Events during General Convention focus on racial reconciliation efforts by Domestic and Foreign Missionary Society
The Domestic and Foreign Missionary Society will offer two public events related to racial justice and reconciliation during General Convention 2015, combining the visual effect of video and the impactful offerings of panel discussions.
The events are: screenings and discussions of Traces of the Trade; and a screening of a portion of The Psalm of Howard Thurman with the film’s director facilitating a panel discussion.
“Both events seem especially important in light of events in Charleston, South Carolina,” noted Bishop Stacy Sauls, Chief Operating Officer. “These events will lead to worthwhile conversations and may be an effective way to further the work of racial justice and reconciliation in dioceses in the weeks and months following General Convention. “
“Episcopalians throughout the Church have lamented the violent deaths of African-Americans in South Carolina, Ferguson, Staten Island, Baltimore, and beyond, and want to answer our Baptismal call to ‘strive for justice and peace among all people, and respect the dignity of every human being,’” commented Heidi Kim, Racial Reconciliation Missioner for the Domestic and Foreign Missionary Society. “These two films and the discussions around them will provide opportunities for participants to connect with others committed to the ministry of racial justice and reconciliation, and begin to discern together how to move this work forward in our congregations, dioceses, and Provinces.”
Traces of the Trade
Episcopalian filmmaker Katrina Brown is a descendant of the DeWolf family, the largest slave-trading dynasty in U.S. history. Traces of the Trade, a noted PBS documentary, follows Brown and nine DeWolf descendants as they confront this legacy by retracing the Triangle Trade, and visiting the DeWolf hometown of Bristol, Rhode Island; slave forts in Ghana; and ruins of a family plantation in Cuba. Traces of the Trade creates a deeper awareness of the connection between the history of slavery and continuing racism in America today, and opens the door to new conversations and hope for reconciliation.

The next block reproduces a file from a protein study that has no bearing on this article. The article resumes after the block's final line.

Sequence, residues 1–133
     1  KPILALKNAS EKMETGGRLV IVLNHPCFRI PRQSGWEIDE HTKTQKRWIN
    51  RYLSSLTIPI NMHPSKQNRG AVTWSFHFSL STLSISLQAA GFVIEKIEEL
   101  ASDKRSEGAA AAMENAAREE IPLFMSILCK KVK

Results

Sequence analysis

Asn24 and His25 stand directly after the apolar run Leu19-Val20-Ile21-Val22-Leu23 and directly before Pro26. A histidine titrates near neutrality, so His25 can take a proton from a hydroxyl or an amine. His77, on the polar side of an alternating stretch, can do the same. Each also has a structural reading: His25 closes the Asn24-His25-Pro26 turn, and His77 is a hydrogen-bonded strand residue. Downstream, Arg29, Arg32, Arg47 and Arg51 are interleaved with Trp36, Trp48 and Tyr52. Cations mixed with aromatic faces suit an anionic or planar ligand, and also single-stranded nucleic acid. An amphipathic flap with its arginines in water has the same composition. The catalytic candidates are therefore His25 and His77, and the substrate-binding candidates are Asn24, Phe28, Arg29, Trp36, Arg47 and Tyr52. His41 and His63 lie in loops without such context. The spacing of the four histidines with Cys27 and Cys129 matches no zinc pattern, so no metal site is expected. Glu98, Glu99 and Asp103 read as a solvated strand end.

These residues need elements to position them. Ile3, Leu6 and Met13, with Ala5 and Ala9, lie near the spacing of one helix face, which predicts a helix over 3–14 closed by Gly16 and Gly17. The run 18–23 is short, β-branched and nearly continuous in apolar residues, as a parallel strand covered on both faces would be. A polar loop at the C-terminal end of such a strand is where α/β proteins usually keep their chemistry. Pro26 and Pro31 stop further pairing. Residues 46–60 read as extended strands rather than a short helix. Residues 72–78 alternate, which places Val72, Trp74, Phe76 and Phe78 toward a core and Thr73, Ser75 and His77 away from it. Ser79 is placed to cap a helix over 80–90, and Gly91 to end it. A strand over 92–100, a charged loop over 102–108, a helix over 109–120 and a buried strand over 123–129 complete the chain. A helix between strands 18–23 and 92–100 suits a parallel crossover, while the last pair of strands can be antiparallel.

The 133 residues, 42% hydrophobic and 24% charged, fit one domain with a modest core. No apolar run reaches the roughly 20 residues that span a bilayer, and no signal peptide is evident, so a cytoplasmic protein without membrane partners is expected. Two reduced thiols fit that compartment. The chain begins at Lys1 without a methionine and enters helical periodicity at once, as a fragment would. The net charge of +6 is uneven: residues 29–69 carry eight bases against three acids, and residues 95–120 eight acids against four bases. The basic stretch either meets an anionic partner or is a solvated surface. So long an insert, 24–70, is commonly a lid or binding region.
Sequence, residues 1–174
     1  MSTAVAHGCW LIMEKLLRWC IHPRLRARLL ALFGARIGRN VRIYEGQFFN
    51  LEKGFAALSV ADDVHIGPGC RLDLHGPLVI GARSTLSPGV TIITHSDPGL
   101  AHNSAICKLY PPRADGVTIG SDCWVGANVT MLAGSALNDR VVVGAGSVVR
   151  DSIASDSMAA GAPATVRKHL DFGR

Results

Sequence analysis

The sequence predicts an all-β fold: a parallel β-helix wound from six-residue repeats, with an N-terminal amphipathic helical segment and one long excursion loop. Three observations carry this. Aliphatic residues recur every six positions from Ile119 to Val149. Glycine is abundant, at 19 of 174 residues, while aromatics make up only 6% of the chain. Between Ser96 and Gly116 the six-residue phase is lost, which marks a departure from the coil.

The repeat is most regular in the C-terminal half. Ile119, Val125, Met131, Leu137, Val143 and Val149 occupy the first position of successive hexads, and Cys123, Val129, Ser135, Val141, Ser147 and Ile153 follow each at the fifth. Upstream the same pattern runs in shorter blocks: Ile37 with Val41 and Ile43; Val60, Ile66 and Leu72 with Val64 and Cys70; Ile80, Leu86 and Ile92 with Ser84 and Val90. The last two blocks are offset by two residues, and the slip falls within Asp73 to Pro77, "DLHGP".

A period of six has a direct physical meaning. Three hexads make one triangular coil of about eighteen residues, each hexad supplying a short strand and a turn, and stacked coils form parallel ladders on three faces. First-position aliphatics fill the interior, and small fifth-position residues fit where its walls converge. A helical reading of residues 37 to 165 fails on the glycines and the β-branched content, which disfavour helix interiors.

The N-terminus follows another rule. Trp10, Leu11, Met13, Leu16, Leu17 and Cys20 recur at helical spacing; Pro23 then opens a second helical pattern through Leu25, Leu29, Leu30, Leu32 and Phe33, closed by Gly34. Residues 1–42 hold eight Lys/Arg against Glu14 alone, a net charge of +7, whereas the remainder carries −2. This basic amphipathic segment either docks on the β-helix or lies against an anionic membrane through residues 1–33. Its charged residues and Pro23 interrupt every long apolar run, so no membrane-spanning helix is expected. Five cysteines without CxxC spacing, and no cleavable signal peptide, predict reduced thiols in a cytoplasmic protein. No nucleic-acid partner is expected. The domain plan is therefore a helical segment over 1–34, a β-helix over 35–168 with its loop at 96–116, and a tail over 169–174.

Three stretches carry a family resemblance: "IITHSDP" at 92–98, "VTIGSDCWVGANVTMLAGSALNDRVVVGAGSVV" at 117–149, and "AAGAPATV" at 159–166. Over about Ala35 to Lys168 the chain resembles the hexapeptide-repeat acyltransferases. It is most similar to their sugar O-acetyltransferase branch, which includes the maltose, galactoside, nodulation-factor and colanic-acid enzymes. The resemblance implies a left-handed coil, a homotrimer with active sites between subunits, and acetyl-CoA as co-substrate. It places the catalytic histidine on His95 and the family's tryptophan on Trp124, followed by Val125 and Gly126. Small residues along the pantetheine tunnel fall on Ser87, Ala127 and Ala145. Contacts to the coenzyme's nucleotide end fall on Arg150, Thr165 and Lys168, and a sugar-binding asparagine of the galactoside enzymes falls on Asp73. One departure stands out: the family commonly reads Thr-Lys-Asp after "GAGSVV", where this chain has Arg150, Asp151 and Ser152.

Following the two screenings, there will be a facilitated conversation led by Dain Perry, a descendant of the slave-traders, and his wife Constance, a descendant of slaves. They have screened the film throughout The Episcopal Church in dioceses and parishes.
Traces of the Trade will be shown Sunday, June 28, noon - 2:30 pm Mountain and Tuesday, June 30, 6:45 pm - 9:15 pm at the Salt Lake City Marriott.
The Psalm of Howard Thurman
Director Arleigh Prelow will introduce and share a segment of her new film, The Psalm of Howard Thurman, with a panel discussion immediately following.
Against devastating scenes of lynchings, cross-burnings, and war, the Rev. Howard Thurman (1899-1981) soars with faith and hope. He was the first Dean of the Chapel of Howard University; Dean of March Chapel at Boston University; author of more than 20 books; and the first African-American to meet Mahatma Gandhi.
Prelow is an Emmy award-winning independent producer, director, writer, and researcher of documentary films and videos, and founder of InSpirit Communications and Film.
The Psalm of Howard Thurman will be shown Wednesday, June 24 at 7 pm – 9 pm Mountain at the Hilton Salt Lake City Center Ballroom A.
For all discussion panels, participants will include Deputies and Bishops.
The 78th General Convention of The Episcopal Church will be held June 25 – July 3 at the Salt Palace Convention Center in Salt Lake City, UT (Diocese of Utah). The exhibit hall at General Convention will be open from Tuesday, June 23 through Wednesday, July 1. The Domestic and Foreign Missionary exhibit space will be in a prominent place in the hall marked by banners in three languages.
The Episcopal Church’s General Convention is held every three years, and is the bicameral governing body of the Church. It comprises the House of Bishops, with upwards of 200 active and retired bishops, and the House of Deputies, with clergy and lay deputies elected from the 109 dioceses and three regional areas of the Church, at more than 800 members.
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